Journalistic standards on Twitter

In Uncategorized on 2009-01-12 by Kyle Maxwell

Do normal journalistic standards apply to professional news organizations using Twitter?

Normally, journalists have legal and ethical obligations to maintain some level of objectivity and neutrality. Thus, when they report on a crime, they refer to the “suspects” rather than the “criminals,” the “alleged” actions, etc.

Does this apply to their Twitter comments as well? The Dallas Morning News uses Twitter fairly extensively, but their main Twitter account this morning had this to say:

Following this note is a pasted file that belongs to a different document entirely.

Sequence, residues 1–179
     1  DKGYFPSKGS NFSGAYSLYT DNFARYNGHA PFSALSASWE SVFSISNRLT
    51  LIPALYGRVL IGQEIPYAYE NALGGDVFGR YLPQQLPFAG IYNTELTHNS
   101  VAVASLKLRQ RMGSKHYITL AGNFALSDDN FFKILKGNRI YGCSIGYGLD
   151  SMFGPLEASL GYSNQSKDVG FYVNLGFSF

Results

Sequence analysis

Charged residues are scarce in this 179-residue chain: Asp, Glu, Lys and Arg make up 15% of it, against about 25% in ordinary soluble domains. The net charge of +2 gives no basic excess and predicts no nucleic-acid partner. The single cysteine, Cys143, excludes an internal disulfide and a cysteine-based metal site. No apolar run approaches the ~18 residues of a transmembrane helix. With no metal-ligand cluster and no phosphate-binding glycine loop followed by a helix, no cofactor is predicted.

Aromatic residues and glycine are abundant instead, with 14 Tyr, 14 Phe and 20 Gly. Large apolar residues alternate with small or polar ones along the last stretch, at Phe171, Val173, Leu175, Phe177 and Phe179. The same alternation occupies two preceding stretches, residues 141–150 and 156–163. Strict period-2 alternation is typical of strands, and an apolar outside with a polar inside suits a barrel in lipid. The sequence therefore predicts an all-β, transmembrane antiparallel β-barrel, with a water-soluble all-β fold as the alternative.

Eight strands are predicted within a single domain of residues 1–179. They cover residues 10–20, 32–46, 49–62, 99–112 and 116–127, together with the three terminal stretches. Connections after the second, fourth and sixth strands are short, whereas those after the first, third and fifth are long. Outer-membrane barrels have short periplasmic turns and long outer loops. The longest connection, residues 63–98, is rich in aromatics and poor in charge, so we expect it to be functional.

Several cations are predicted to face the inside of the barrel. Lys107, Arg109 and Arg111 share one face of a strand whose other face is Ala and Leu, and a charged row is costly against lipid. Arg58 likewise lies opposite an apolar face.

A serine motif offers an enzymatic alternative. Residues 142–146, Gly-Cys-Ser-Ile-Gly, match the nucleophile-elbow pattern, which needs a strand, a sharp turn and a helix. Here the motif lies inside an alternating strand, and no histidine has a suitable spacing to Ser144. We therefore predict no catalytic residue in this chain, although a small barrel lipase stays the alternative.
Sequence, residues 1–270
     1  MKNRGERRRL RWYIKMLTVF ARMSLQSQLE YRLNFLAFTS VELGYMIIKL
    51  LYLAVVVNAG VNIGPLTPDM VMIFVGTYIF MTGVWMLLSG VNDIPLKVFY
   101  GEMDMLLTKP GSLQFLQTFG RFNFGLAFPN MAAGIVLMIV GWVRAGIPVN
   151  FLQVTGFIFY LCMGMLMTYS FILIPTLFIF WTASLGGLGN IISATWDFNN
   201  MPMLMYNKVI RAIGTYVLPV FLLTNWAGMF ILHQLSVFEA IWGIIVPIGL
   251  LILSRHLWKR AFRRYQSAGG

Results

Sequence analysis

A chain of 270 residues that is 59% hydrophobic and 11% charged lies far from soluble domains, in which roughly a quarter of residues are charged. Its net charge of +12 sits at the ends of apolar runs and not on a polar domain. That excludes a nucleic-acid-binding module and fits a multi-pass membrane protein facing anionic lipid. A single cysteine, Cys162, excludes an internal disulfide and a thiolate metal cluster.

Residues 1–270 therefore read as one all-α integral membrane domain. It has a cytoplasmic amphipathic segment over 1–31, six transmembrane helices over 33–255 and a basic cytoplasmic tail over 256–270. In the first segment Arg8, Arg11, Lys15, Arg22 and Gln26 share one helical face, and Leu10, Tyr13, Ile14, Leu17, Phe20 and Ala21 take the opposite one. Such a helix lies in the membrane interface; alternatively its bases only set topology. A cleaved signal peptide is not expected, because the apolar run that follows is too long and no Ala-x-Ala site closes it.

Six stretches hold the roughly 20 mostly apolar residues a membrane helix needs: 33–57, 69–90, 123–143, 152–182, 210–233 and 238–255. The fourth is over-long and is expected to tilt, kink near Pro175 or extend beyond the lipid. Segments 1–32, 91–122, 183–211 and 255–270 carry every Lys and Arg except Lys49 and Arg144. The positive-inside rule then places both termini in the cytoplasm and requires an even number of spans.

Remember the child abuse Santa Letters? They were fake. Kids’ mom was looking for a visa out of it.

But when you read the story, really the attorney for the accused stepfather was presenting their response (namely, that the letter was fake). I don’t know the true story, but I do know that either way, just presenting the response as completely true violates normal journalistic standards.

So what do you think? Do journalists and news organizations have a responsibility to maintain objectivity in their 140-character tweets, or does the medium change the message?


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